When it comes to conspicuous consumption, Singapore’s hoards of bespoke-suited millionaires are hard to top. Witness the demand for tall buildings packed with rooftop infinity pools and glassed-in “sky garages.”
Now an architect synonymous with that city’s luxury boom is making inroads in New York as well. SCDA Architects principal Soo Chan, 52, the most internationally successful architect to emerge from Singapore, is making a prodigious New York City push with four simultaneous projects.
In Singapore, Mr. Chan has made a name for himself as a detail-obsessed designer, meticulously managing every aspect of his projects from the façade down to the marketing brochures. But he is chiefly known for swimming pools.
Mr. Chan’s debut New York City project, Soori High Line, at 522 West 29th Street, will include 16 private heated pools, ranging in size from 23 to 26 feet long, 7 to 9 feet wide and 4 feet deep.
“At the very high end, luxury is universal,” Mr. Chan said. “Whether you are in Singapore or New York, luxury consumers want the same things.”
The opulence of such an amenity in a city where even shared pools are a rarity isn’t lost on Mr. Chan, whose Singapore-based firm Orie is co-developing the building with New York-based Siras. As the majority partner, Mr. Chan has a considerable amount of his own fortune invested in the 27-unit, 11-story project, where prices will range from $3.6 to $22 million.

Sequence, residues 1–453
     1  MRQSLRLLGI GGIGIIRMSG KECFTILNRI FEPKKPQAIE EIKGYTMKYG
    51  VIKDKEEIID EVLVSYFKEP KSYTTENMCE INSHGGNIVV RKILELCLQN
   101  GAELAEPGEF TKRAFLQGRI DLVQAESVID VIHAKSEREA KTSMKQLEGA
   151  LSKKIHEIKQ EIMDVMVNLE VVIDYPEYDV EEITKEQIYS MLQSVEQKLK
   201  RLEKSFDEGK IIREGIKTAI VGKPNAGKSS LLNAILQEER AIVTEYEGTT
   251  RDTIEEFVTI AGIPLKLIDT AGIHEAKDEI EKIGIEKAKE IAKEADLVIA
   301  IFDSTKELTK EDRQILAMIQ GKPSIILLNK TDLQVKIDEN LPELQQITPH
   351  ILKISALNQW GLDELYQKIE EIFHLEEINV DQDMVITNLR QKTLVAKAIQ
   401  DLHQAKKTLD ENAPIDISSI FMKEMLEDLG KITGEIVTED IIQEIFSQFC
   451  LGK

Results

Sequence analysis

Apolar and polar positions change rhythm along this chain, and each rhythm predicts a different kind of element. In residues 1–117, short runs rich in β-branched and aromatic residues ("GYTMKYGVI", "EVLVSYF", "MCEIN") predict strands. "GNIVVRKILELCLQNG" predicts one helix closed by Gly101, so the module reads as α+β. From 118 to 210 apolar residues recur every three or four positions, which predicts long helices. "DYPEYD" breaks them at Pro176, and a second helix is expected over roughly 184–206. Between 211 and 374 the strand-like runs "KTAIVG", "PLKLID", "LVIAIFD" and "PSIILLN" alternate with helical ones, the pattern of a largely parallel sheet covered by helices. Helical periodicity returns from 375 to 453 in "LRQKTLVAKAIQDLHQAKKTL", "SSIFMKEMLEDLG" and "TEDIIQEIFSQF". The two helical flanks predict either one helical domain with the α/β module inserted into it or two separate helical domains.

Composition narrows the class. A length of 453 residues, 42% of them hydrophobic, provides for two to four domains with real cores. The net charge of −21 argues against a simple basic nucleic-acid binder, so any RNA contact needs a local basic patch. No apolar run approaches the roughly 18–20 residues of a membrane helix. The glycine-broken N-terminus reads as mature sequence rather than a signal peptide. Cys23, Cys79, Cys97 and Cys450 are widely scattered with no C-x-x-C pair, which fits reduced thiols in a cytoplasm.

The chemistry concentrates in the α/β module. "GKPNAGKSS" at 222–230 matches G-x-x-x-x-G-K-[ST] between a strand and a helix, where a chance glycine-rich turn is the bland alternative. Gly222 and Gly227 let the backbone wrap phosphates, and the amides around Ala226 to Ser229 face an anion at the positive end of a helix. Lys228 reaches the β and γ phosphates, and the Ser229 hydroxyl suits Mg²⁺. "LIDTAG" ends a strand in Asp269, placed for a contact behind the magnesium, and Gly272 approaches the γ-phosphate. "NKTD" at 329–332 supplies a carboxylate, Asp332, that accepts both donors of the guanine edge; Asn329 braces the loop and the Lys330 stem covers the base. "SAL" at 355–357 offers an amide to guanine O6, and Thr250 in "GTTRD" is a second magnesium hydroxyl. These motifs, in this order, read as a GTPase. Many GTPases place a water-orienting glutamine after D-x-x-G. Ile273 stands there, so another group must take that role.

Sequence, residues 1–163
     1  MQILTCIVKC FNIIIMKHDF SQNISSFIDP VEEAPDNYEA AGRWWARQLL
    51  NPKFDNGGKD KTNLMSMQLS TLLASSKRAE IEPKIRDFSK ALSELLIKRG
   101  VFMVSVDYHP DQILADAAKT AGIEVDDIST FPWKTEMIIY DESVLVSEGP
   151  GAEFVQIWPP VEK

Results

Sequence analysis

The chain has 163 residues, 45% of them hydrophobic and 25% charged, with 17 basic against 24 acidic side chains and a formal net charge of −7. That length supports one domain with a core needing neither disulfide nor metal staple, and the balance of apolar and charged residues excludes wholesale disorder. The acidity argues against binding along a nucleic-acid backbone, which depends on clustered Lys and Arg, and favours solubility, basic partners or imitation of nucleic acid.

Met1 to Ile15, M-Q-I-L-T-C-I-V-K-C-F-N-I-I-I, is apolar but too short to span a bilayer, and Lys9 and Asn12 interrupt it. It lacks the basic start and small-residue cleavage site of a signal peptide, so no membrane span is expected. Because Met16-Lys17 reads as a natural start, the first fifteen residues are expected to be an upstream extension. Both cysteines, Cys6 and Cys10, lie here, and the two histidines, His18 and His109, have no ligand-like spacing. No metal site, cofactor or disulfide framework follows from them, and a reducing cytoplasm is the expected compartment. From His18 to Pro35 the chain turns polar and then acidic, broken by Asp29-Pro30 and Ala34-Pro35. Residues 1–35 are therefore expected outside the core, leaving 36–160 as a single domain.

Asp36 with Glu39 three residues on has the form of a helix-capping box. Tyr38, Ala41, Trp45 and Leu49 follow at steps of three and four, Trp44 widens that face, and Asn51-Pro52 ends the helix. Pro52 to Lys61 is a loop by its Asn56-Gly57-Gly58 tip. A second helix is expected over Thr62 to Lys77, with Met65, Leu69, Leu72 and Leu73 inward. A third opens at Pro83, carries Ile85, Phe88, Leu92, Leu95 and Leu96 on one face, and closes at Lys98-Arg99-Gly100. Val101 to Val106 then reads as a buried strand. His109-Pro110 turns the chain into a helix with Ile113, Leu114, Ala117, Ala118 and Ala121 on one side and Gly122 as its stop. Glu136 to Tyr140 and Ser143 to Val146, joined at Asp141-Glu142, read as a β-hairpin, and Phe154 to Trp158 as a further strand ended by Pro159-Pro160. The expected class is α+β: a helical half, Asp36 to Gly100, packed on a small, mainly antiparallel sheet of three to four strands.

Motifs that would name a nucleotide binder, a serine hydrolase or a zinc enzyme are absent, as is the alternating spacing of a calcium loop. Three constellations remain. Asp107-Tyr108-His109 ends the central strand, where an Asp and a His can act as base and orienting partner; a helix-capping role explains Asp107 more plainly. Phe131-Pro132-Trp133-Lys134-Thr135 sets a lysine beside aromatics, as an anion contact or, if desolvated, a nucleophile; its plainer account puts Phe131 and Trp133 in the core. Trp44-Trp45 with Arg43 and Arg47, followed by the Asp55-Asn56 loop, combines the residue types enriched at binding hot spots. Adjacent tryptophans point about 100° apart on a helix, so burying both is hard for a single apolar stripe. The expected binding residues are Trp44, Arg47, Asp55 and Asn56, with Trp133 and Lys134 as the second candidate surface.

Mr. Chan’s signature has become his interest in the intermediate spaces within a structure, such as lobbies, terraces, pools and entryways. He sees these spaces as being separated from the pressures of both public and private life, a kind of utopian middle ground where residents can find tranquility.
The High Line has already attracted many of architecture’s biggest names, such as Zaha Hadid, Neil Denari, Frank Gehry and Robert A.M. Stern. But Mr. Chan’s work stands apart as focusing less on creating an eye-catching exterior, and more on fashioning a lush lifestyle within the development.
The 135-foot Soori Highline will feature 12 condo units, with prices ranging from $2 to $25 million, and gallery retail space on the ground floor. The project recently broke ground, and when completed next fall, it will be the only Manhattan development to feature High Line views on two sides of the structure—the rail line cuts around the building, making an abrupt westward turn off of Tenth Avenue at West 29th Street.